13. 13. Domain Names <ul><li>Name that takes the place of an IP address </li></ul><ul><li>Sample domain name </li></ul><ul><ul><li>www. mywebsite .com </li></ul></ul><ul><li>Top-level domains (TLD) </li></ul><ul><ul><li>Portion of the domain name that follows the dot </li></ul></ul><ul><ul><li>Sample top-level domain names </li></ul></ul><ul><ul><ul><li>.com , .org , .edu , and .net </li></ul></ul></ul><ul><li>Second-level domains </li></ul><ul><ul><li>Unique name within a top-level domain </li></ul></ul><ul><ul><li>Sample second-level domain names </li></ul></ul><ul><ul><ul><li>Yahoo.com , Google.com , and Unesco.org </li></ul></ul></ul>
    14. 14. DNS Domain Name Server <ul><li>Internet servers that translate domain names to IP addresses </li></ul><ul><li>ISPs go first to a default DNS to resolve a name </li></ul><ul><li>Name queries work up the hierarchy to the root DNS servers if required </li></ul>See page 586
    15. 15. Other Protocols <ul><li>File Transfer Protocol (FTP) </li></ul><ul><ul><li>File-sharing protocol </li></ul></ul><ul><ul><li>Files are downloaded and uploaded using the Internet </li></ul></ul><ul><li>Telnet </li></ul><ul><ul><li>Protocol for connecting to a remote computer and a TCP/IP service </li></ul></ul><ul><ul><li>Enables a client computer to control a server computer </li></ul></ul>NB
    16. 16. HTTP and SSL <ul><li>Hypertext Transfer Protocol </li></ul><ul><ul><li>Protocol for transferring hypertext documents </li></ul></ul><ul><ul><li>Hypertext documents are linked to other documents (through hyperlinks) </li></ul></ul><ul><li>Secure Socket Layer </li></ul><ul><ul><li>Security protocols that protect sensitive information </li></ul></ul><ul><ul><li>Encrypts data </li></ul></ul><ul><ul><li>S-HTTP is used for individual messages </li></ul></ul>NB
    17. 17. HTML/XHTML <ul><li>Hypertext Markup Language (HTML) </li></ul><ul><ul><li>Format for creating Web pages </li></ul></ul><ul><li>Extensible Hypertext Markup Language (XHTML) </li></ul><ul><ul><li>Successor to HTML </li></ul></ul><ul><ul><li>Has much more stringent rules than HTML regarding tagging </li></ul></ul><ul><li>HTML/XHTML </li></ul><ul><ul><li>are not programming languages but sets of rules for marking up blocks of text so that a browser knows how to display them </li></ul></ul>NB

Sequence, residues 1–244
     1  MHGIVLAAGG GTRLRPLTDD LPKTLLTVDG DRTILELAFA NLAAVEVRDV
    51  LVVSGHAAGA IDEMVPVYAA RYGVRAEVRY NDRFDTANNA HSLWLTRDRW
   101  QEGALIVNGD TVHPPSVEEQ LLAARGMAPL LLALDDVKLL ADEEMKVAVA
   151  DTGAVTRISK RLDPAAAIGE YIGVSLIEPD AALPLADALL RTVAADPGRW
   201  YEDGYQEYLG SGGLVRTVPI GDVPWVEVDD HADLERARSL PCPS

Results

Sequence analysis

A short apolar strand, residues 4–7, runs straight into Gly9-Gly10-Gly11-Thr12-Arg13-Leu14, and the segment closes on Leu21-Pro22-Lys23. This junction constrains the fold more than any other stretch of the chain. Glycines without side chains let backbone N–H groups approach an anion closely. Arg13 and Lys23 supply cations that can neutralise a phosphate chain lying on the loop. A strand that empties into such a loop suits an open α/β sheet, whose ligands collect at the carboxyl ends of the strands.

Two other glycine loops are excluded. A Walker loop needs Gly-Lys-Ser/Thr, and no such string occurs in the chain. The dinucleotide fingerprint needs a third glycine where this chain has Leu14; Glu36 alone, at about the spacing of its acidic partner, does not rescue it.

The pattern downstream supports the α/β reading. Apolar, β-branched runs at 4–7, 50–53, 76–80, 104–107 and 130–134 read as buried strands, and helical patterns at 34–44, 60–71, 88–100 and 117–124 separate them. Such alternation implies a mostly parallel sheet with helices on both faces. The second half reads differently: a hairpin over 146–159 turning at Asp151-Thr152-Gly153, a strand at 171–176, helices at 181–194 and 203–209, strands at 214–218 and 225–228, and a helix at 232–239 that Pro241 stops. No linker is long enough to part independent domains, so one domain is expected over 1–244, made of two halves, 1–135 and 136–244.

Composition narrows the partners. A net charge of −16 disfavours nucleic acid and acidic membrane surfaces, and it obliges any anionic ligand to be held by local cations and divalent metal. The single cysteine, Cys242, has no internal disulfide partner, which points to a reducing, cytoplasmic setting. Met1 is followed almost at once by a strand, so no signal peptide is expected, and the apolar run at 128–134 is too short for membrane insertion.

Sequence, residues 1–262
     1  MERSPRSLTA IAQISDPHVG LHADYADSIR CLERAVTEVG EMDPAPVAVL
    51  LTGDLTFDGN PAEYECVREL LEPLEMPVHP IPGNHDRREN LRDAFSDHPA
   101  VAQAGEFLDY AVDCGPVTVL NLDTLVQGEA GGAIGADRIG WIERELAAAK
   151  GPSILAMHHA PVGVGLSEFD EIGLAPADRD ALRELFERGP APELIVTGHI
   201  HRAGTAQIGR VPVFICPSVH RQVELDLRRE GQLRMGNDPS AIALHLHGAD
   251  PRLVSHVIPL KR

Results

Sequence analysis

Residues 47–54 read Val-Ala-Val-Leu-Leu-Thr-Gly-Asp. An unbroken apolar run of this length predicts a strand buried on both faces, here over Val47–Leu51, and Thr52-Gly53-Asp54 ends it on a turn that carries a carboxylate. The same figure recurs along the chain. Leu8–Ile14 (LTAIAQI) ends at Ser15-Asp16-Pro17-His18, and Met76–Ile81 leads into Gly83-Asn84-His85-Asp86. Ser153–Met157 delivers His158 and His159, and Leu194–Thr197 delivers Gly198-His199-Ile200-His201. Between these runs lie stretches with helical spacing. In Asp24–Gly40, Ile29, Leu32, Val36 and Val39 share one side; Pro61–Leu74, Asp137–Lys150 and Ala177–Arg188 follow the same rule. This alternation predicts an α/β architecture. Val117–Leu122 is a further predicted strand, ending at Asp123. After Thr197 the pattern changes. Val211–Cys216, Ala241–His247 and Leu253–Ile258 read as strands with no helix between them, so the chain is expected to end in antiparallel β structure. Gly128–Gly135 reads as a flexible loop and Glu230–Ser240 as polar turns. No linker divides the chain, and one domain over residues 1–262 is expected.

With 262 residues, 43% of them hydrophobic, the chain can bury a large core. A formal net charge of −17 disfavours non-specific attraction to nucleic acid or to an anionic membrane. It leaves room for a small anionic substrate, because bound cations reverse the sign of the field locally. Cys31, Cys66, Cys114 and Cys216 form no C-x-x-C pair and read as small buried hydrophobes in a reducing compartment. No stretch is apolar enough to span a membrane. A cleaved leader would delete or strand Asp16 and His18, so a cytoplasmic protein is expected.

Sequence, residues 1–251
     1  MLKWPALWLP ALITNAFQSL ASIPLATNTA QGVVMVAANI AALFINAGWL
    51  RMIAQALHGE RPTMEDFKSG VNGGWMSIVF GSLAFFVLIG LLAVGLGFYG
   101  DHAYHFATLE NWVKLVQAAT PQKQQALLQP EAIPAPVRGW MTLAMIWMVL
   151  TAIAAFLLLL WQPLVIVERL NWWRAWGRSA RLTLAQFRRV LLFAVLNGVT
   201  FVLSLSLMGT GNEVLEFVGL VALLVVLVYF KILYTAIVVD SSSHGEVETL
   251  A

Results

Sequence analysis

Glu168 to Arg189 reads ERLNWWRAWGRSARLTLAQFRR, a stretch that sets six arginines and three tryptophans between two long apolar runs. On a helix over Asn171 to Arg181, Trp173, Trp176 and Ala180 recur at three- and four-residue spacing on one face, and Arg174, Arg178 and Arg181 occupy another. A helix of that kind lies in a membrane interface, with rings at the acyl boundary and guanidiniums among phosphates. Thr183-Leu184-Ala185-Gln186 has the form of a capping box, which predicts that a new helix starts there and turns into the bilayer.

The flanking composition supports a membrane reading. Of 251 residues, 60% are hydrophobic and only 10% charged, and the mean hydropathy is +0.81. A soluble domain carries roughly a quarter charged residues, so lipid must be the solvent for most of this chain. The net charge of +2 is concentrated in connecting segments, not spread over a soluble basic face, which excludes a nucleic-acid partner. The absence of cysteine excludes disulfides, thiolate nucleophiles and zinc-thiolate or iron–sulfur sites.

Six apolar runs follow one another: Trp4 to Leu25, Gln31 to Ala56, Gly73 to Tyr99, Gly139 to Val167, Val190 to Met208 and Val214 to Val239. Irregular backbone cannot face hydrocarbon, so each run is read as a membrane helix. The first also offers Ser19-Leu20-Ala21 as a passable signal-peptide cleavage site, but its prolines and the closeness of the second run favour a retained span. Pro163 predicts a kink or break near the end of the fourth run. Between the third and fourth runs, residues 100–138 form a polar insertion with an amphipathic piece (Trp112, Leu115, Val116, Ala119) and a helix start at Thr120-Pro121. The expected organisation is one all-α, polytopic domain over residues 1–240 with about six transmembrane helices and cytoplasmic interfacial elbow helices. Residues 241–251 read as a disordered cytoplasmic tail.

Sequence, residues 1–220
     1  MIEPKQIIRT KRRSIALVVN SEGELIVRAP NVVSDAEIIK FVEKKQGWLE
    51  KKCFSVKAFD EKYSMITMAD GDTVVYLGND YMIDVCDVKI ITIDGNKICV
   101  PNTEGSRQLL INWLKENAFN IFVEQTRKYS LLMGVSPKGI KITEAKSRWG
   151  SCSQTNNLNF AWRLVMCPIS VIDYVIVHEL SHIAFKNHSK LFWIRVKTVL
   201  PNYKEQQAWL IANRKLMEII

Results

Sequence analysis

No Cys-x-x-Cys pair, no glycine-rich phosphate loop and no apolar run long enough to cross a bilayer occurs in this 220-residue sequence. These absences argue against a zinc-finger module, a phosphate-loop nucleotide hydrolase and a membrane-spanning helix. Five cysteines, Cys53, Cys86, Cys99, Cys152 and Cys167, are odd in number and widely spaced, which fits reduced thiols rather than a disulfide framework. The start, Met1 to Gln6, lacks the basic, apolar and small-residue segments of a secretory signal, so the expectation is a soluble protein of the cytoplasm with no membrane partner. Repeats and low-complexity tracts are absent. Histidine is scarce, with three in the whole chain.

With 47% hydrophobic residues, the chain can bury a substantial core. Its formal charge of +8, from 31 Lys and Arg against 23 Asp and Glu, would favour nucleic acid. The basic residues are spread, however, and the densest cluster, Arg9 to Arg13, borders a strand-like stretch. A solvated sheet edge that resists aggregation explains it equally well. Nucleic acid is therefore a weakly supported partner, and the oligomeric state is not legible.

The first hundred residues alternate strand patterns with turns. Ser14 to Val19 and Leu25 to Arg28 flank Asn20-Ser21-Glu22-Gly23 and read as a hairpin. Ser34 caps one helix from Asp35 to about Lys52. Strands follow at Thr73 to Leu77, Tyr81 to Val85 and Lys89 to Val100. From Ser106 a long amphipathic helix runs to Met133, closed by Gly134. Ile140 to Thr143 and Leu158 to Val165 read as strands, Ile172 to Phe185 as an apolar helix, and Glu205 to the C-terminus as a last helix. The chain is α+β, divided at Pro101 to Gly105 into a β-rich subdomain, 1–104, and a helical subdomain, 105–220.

18. 18. HTML/XHTML Example <h1>This is the Heading</h1> <p><font face=&quot;Arial&quot;>This is text using Arial font.</font></p> <p><font face=&quot;Arial&quot;><i>This text is italicized</i>.</font></p> <p><font face=&quot;Arial&quot;><b>This text is bold</b>.</font></p> <p><font face=&quot;Arial&quot;><font color=&quot;#FF0000&quot;>This text color is red</font>.</font></p> <p><font face=&quot;Arial&quot;>This is a hyperlink <a href=&quot;http://vig.prenhall.com/&quot;> www.prenhall.com</a></font></p> HTML/XHTML Web Page Display
    19. 19. Common Gateway Interface (CGI) <ul><li>Browsers request that a program file executes (runs) </li></ul><ul><li>CGI files often called CGI scripts </li></ul><ul><li>Adds Web page interaction </li></ul><ul><ul><li>Adding names to guest books/mailing lists </li></ul></ul><ul><ul><li>Completing forms </li></ul></ul>
    20. 20. Client-Side Applications <ul><li>A program that runs on a client computer with no interaction with the server </li></ul><ul><li>Types of client-side applications include </li></ul><ul><ul><li>HTML/XHTML document embedded with JavaScript code </li></ul></ul><ul><ul><li>Applet: Small program that resides on the server </li></ul></ul>
    21. 21. Extensible Markup Language (XML) <ul><li>Designed for information exchange </li></ul><ul><li>Tools used to create your own markup language </li></ul><ul><li>Used in e-commerce transactions </li></ul>NB
    22. 22. Communications Over the Internet <ul><li>E-mail </li></ul><ul><ul><li>Created in 1971 by Ray Tomlinson </li></ul></ul><ul><ul><li>Simple Mail Transfer Protocol (SMTP) </li></ul></ul><ul><ul><li>Multipurpose Internet Mail Extensions (MIME): Protocol for attaching files to e-mail </li></ul></ul>NB
    23. 23. Communications over the Internet <ul><li>E-mail security </li></ul><ul><ul><li>Encryption </li></ul></ul><ul><ul><ul><li>Private-key encryption </li></ul></ul></ul><ul><ul><ul><li>Public-key encryption </li></ul></ul></ul><ul><ul><li>Secure data transmission software </li></ul></ul><ul><ul><ul><li>SafeMessage </li></ul></ul></ul>NB
    24. 24. Instant Messaging (IM) <ul><li>Client/server application program for real-time, text-based conversations </li></ul><ul><li>Popular instant messaging programs </li></ul><ul><ul><li>AOL Instant Messenger </li></ul></ul><ul><ul><li>ICQ </li></ul></ul><ul><ul><li>Yahoo! Messenger </li></ul></ul><ul><ul><li>Windows Messenger </li></ul></ul><ul><li>Increasing security threats </li></ul><ul><ul><li>1600% rise in threats </li></ul></ul><ul><ul><li>Should not be used for sensitive data </li></ul></ul>